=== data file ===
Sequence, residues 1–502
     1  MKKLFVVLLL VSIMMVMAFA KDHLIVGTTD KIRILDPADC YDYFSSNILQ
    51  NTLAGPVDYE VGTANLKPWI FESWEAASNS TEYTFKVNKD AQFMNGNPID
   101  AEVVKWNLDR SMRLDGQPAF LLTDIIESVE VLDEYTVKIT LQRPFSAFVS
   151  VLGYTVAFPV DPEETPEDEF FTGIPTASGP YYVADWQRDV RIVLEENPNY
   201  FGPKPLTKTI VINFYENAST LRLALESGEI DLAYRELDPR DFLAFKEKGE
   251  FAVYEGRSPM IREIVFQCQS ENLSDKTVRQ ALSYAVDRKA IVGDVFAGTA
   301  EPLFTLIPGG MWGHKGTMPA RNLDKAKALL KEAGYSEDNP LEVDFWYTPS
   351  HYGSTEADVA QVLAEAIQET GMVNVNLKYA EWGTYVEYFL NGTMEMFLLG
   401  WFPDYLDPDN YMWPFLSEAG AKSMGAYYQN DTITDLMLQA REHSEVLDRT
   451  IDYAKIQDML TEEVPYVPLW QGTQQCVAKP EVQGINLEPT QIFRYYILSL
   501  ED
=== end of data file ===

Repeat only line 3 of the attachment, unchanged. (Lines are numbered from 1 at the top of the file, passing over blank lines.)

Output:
    51  NTLAGPVDYE VGTANLKPWI FESWEAASNS TEYTFKVNKD AQFMNGNPID